Obtainable from the Mammalian Pancreas or from the Related Glands
in Fishes, Useful in the Treatment of Diabetes Mellitus, and a
Method of Preparing It
(Insulin for diabetics)
of diabetics owe their lives to Frederick Banting's idea and research.
Working with fellow Canadians Charles Best and James Collip, Banting
determined that insulin was the key to treating diabetes. After
discovering that the absence of insulin is a the main factor in
diabetes, they determined that injections of insulin might keep
diabetics alive and developed techniques for extracting, isolating,
and administering it.
was born near Alliston, Ontario and received a bachelor of medicine
degree from the University of Toronto in 1916. He served as a
military surgeon for the next two years in England and France,
where he sustained serious shrapnel wounds. He returned to Canada,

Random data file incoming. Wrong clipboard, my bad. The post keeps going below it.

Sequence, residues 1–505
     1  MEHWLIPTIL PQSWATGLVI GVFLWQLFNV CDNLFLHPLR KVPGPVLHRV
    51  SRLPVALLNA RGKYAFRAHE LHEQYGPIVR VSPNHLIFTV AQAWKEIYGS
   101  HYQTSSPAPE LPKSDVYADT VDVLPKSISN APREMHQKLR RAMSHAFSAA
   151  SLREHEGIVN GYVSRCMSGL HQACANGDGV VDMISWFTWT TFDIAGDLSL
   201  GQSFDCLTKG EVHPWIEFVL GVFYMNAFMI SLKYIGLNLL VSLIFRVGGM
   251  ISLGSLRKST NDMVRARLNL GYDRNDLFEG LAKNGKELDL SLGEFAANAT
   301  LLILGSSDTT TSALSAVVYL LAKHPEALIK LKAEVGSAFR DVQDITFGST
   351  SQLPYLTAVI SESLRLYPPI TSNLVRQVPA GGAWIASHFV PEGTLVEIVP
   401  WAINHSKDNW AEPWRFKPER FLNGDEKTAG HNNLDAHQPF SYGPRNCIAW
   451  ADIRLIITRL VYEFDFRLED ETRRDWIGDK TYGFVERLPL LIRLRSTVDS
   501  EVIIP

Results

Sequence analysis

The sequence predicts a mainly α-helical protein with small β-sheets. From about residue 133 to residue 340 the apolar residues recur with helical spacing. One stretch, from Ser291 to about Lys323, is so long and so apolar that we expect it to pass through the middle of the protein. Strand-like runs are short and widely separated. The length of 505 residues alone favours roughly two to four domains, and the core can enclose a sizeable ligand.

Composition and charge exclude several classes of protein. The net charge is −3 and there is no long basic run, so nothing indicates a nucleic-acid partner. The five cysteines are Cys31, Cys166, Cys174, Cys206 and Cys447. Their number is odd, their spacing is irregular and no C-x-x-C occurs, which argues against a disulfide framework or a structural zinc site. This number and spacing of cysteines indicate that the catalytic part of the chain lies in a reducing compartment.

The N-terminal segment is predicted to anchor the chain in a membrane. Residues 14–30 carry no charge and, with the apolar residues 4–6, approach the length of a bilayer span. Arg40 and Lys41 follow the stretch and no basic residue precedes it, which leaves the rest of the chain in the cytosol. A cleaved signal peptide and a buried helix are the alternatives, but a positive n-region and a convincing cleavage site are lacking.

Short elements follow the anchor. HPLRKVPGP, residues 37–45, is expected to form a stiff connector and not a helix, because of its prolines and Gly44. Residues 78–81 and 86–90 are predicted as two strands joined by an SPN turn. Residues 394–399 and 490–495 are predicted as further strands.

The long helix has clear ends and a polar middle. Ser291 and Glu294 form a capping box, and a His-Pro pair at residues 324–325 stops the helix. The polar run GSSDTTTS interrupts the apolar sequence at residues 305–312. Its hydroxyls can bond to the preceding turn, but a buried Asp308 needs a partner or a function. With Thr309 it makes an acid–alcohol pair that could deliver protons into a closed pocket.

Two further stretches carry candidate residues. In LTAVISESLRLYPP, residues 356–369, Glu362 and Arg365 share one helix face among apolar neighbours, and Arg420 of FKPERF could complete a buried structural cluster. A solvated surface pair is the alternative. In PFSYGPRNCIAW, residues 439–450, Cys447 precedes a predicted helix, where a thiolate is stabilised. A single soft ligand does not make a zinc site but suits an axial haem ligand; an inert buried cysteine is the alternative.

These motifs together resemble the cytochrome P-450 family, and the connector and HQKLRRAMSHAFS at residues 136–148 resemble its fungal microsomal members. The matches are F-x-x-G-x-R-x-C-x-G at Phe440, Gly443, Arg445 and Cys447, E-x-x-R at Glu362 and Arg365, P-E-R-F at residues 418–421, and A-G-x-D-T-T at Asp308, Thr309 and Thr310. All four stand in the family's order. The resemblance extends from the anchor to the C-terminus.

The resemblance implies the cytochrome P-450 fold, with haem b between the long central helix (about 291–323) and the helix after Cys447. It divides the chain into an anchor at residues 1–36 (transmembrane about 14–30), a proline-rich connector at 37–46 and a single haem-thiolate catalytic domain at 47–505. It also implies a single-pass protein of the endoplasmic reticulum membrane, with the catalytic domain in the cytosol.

establishing a surgical practice in London, Ontario, and served
as a medical demonstrator at the University of Western Ontario.
Stimulated to research by the death of a childhood friend to diabetes,
he conceived a technique to isolate the anti-diabetic component
of the pancreas. He returned to the University of Toronto in 1921
to conduct experiments on the pancreas.
1923, Banting was awarded the Nobel Prize in Physiology or Medicine.
He was knighted by King George V in 1934 and was elected a Fellow
of the American College of Physicians and an honorary member of
the Royal College of Surgeons and the Royal College of Physicians.